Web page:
CHICAGO, USA --During a December 7, 2008, appearance on Meet The Press, which was taped on December 6, 2008, in Chicago, U.S. President-Elect Barack Obama discussed the state of U.S. and global economies, culture, U.S. political affairs and international affairs. The interview was conducted by former NBC Nightly News anchor Tom Brokaw, whose stint as an interim moderator on Meet The Press ended with the Obama interview. NBC' Chief White House Correspondent David Gregory takes over as permanent host on December 14, 2008. He succeeds Tim Russert, who died on June 13, 2008.
Below The Diplomatic Times Review highlights the foreign affairs section of the Meet The Press transcript of Mr. Brokaw's interview with Mr. Obama.
MR. BROKAW: I want to move now to international affairs, the war on terror. Obviously, we have all been stunned by what happened in India at Mumbai. It is still playing out in that part of the world. You have said that the United States reserves the right to go after terrorists in Pakistan if you have targets of opportunity. Does India now also have that right of hot pursuit?
PRES.-ELECT OBAMA: Well, I'm not going to comment on that. What, what I'm going to restate is a basic principle. Number one, if a country is attacked, it has the right to defend itself. I think that's universally acknowledged. The second thing is that we need a strategic partnership with all the parties in the region--Pakistan and India and the Afghan government--to stamp out the kind of militant, violent, terrorist extremists that have set up base camps and that are operating in ways that threaten the security of everybody in the international community. And, as I've said before, we can't continue to look at Afghanistan in isolation. We have to see it as a part of a regional problem that includes Pakistan, includes India, includes Kashmir, includes Iran. And part of the kind of foreign policy I want to shape is one in which we have tough, direct diplomacy combined with more effective military operations, focused on what is the number one threat against U.S. interests and U.S. lives. And that's al-Qaeda and, and, and their various affiliates, and we are going to go after them fiercely in the years to come.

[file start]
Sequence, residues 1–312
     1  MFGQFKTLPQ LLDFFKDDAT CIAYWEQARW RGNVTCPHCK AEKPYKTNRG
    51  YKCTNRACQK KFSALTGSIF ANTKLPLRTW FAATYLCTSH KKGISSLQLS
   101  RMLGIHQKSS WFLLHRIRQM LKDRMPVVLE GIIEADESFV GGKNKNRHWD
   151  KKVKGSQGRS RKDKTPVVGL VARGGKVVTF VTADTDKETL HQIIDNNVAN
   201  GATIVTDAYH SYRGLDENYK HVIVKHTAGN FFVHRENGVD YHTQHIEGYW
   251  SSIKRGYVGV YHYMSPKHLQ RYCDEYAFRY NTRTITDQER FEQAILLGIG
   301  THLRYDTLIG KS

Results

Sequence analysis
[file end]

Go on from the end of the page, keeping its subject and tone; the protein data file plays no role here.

AMERICAN POLICY TOWARDS PAKISTAN
MR. BROKAW: President Zardari of Pakistan has said that he expects you to re-examine the American policy of using unmanned missiles for attacks on terrorist camps in Pakistan; and there have been civilian casualties in those attacks as well. Are you re-examining that policy?
PRES.-ELECT OBAMA: Well, I--what I want to do is to create the kind of effective, strategic partnership with Pakistan that allows us, in concert, to assure that terrorists are not setting up safe havens in some of these border regions between Pakistan and Afghanistan. So far President Zardari has sent the right signals. He's indicated that he recognizes this is not just a threat to the United States, but it is a threat to Pakistan as well. There was a bombing in Pakistan just yesterday that killed scores of people, and so you're seeing greater and greater terrorist activity inside of Pakistan. I think this democratically-elected government understands that threat, and I hope that in the coming months that we're going to be able to establish the kind of close, effective, working relationship that makes both countries safer.